With churches reopening and new opportunities to meet in person in larger groups, it’s a good time to take a step back and examine how our cell groups have been growing (or not growing) over the last two years.

Recently, I spoke to a number of youth and young adults informally and most shared that they found their experience to be lacking.

But lacking based on what? We discussed what some possible metrics would be and arrived at:

  • Discipleship
  • Evangelism
  • Fellowship
  • Growth

The goal behind this article is to get people to consider how their cell group is doing and reflect on their own role in creating a culture they hope to see.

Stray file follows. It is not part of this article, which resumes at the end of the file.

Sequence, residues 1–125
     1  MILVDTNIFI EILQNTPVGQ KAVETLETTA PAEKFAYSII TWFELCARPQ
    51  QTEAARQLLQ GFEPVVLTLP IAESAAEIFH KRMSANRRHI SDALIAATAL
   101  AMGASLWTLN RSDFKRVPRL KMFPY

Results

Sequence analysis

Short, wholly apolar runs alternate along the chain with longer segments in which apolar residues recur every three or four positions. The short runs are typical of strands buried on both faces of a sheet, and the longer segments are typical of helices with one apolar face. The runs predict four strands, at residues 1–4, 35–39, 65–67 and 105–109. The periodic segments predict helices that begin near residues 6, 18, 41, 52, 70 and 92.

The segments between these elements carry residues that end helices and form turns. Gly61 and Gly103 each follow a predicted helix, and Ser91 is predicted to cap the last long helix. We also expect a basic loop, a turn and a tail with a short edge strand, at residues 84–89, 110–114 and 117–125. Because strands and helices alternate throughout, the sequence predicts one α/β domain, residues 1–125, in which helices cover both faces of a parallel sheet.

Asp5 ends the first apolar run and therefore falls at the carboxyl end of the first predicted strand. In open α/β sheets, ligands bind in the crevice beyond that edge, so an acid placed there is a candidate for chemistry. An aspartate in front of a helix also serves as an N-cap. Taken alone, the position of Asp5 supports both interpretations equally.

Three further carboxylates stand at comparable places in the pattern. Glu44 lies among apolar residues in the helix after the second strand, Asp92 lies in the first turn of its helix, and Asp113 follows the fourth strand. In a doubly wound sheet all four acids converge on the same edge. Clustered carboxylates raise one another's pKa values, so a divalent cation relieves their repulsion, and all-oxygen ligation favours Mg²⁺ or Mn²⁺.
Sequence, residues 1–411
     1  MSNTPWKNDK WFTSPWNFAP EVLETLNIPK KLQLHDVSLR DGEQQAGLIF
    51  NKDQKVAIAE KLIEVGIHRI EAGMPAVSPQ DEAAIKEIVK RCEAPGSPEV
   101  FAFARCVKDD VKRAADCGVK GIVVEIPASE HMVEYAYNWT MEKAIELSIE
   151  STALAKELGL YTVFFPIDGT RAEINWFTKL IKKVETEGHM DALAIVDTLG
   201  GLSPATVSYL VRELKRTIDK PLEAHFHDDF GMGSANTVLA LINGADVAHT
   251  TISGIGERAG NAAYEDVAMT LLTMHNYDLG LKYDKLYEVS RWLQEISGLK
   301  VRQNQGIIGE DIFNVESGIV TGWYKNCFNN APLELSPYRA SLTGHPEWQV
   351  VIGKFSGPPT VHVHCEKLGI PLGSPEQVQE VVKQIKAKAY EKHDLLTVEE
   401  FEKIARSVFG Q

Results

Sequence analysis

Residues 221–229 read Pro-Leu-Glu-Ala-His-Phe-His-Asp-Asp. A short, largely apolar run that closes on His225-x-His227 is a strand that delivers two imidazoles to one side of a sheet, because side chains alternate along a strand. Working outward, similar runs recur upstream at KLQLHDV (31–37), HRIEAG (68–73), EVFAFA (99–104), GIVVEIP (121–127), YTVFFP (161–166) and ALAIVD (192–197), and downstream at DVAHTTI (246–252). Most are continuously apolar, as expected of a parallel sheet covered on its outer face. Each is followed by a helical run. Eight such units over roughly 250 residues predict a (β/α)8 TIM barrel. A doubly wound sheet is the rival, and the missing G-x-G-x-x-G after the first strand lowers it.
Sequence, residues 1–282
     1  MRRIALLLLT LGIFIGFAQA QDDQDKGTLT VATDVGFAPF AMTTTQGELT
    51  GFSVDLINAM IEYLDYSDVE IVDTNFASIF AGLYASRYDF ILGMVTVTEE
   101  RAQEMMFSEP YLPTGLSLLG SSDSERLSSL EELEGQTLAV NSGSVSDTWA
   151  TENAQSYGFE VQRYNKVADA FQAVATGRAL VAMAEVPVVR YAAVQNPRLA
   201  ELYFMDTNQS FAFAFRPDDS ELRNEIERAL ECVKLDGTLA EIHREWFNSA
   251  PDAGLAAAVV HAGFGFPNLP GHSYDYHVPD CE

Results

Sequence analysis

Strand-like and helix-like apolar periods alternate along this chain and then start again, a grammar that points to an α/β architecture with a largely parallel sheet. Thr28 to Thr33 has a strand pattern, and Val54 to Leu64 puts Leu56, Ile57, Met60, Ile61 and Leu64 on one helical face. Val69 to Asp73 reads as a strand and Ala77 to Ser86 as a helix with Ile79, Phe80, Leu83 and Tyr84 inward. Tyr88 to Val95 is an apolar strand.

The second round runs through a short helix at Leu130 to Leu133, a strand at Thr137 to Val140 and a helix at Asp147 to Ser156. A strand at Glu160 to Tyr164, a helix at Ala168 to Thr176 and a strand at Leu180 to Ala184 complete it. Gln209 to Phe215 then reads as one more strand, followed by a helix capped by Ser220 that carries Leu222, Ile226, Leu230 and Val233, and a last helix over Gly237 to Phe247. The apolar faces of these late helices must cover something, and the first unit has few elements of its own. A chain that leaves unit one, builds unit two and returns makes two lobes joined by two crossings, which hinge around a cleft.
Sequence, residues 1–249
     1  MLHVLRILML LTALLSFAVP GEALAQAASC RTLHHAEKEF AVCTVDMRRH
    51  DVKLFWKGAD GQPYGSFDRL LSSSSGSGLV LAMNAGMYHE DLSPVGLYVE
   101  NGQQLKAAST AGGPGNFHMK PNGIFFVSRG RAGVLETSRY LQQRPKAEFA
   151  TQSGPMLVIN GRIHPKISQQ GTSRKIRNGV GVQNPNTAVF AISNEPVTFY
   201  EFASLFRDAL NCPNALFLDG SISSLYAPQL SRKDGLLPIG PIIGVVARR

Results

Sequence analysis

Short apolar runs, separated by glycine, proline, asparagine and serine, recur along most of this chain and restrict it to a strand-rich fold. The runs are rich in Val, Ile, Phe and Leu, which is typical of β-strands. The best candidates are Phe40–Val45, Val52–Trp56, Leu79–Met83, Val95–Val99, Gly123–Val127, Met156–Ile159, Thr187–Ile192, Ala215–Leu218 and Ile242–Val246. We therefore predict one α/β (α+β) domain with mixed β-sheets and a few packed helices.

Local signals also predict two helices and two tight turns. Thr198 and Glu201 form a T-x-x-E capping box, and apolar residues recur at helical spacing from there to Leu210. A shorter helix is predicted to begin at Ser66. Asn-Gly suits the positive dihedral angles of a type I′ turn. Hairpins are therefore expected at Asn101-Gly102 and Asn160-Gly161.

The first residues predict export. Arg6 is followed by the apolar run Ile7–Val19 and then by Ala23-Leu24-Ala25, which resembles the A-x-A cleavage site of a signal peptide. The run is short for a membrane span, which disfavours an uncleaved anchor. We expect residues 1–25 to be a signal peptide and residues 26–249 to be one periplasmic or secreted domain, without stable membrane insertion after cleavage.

Condemnation and causing people to leave their cell groups are the last things we want here, so as we highlight these experiences and questions, have a heart that asks how it can bless and build up the spiritual communities that we are in.

At the end of this article, we’re also asking you to share with us your thoughts on cell group, so stick with us!


Depending on who you ask, discipleship means different things.

Here, discipleship is defined based on the Great Commission. So, discipleship involves obeying all that Jesus commanded and teaching others His ways, such that they themselves go on to disciple others. 

It’s a tall order. But we must ask if discipleship is actually happening in our cell groups… because what are we doing if not that?

One young adult I spoke to gave me just such a snapshot: She mentioned how painful it had become to attend her cell group because it had devolved into two-hour-long sessions of charades.